The biggest threat to the property market just got scratched out.
Peace has been declared. I really thought we’d be making a bigger deal about this.
I guess most people aren’t property nerds like me, so most people probably missed this, but the big news is that APRA is laying down its arms.
The war started back in 2016, when APRA – the financial regulator – declared that it was cracking down on the banks’ lending practices. It wanted them to go harder on investors in particular, issue fewer interest-only loans, and get much tougher with their serviceability calculations.
With bombs falling all around them, the banks went running for cover. Property owners and investors were caught in the cross-fire. Many investors with solid credentials and sound investments in front of them could no longer get the credit they needed.
The resulting credit freeze almost crashed the property market.
But now, APRA have officially declared that the war is over. Bank lending standards aren’t going to be such a priority in the year ahead.
That’s the word from finance industry mag Banking Day:
Crisis management and “resolution and recovery” have worked their way to the top of APRA’s list of priorities over the year ahead.
An old favourite – the industry’s lending standards – will be a lesser priority for the banking regulator in 2020.
APRA said it “continues to closely monitor dynamics in the housing market, given the implications for banks’ credit risk profiles and the broader financial cycle,” in an outline of its priorities in an information paper released yesterday.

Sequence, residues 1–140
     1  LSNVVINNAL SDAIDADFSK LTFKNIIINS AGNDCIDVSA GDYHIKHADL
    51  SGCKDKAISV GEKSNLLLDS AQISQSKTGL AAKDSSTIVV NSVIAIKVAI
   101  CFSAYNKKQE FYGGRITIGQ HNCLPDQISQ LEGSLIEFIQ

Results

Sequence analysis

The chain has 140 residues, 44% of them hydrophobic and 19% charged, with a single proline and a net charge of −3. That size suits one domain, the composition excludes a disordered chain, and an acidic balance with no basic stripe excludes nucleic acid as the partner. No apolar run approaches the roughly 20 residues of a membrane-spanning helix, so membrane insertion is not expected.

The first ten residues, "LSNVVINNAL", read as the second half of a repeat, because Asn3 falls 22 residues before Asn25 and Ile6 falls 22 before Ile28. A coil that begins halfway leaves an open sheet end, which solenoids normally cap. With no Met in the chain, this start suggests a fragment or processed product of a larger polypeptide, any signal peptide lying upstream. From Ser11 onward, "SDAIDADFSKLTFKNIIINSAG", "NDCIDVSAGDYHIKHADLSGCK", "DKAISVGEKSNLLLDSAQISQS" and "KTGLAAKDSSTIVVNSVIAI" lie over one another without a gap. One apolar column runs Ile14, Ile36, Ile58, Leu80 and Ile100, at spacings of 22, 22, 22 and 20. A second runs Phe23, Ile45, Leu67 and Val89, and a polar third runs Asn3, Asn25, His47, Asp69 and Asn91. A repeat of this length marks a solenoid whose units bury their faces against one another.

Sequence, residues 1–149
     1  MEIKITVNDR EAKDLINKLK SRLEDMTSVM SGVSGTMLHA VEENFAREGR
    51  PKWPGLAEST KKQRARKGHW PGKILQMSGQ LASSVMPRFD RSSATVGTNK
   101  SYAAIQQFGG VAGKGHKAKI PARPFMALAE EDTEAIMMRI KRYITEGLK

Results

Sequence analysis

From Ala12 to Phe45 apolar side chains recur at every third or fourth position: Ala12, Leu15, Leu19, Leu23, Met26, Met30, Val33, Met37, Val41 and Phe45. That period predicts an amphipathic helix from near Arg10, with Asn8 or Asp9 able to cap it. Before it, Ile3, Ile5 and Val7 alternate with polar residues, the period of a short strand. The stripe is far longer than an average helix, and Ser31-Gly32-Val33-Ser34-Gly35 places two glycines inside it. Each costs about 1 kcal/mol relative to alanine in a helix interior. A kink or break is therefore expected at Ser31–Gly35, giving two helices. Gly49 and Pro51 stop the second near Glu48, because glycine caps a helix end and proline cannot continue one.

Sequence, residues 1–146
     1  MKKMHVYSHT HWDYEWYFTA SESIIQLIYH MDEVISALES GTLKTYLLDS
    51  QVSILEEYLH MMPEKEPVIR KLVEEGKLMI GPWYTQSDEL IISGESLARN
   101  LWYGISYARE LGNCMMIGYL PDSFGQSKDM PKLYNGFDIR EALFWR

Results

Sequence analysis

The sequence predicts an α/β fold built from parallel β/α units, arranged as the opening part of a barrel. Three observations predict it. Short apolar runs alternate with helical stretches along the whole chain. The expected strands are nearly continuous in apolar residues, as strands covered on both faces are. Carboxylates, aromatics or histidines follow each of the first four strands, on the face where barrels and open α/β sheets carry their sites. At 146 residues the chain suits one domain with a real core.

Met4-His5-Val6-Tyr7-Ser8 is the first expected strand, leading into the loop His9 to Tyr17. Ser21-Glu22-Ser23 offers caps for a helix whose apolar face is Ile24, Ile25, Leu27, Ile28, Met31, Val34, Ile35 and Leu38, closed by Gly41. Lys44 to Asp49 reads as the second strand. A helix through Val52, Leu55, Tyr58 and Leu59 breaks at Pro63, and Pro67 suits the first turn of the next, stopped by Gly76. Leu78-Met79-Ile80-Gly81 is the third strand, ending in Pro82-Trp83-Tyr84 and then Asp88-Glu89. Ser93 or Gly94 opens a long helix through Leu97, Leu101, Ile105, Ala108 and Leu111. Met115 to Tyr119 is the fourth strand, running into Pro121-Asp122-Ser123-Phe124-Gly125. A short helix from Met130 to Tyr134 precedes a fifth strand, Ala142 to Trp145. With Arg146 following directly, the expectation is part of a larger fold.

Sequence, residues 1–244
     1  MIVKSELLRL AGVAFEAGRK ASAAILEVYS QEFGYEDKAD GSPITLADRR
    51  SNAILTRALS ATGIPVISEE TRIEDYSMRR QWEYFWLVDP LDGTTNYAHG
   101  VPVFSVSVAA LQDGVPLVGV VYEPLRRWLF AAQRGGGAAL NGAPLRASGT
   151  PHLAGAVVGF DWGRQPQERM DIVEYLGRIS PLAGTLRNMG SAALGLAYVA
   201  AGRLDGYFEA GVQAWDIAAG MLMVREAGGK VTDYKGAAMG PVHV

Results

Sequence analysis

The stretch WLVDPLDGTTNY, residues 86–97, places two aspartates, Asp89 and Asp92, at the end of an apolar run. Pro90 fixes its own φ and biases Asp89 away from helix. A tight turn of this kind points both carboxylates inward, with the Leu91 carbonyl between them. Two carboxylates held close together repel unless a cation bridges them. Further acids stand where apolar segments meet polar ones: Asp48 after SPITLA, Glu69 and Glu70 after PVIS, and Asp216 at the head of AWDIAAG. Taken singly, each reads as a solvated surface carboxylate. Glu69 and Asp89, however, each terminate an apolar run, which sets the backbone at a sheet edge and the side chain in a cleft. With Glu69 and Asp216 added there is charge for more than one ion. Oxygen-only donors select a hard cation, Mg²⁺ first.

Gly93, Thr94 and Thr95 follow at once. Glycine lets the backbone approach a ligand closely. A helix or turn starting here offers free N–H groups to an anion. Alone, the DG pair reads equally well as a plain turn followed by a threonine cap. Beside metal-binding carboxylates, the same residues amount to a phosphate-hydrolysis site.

“In recent years, bank lending standards – particularly in relation to residential mortgages – have been a key area of supervisory attention,” APRA said.
“Given improvements in this area, lending standards will receive relatively less attention in the period ahead, with the focus shifting to strengthening end to end risk management.”
APRA will commission “an in-depth targeted review of processes for managing problem loans and collateral”.
This review “will examine whether credit systems and processes would be effective in managing the potential risks from less benign economic conditions”.
The review will focus on the largest banks and is expected to be undertaken in the second half of 2020, APRA said.
Thinking about the next (and overdue) downfall in Australian banking, APRA said “ensuring that ADIs maintain their financial resilience and enhance their crisis readiness is a priority in APRA’s supervision”.
APRA said it would “continue to review risk management to ensure this is underpinned by strong and effective frameworks, controls, systems and practices.
“APRA’s review programme in the year ahead will encompass liquidity risk, credit risk modelling and data management, as well as monitoring improvements in business and residential mortgage lending.”
There’s that word “resiliency” again. #1 buzz-word of 2020.
But this is a very clear indication that the thaw in credit conditions is going to run to completion.
And that means banks can lend freely again, and good investors and home-owners won’t have any worries about getting the credit they need.
The war is over.
Somebody give me a ticker-tape parade.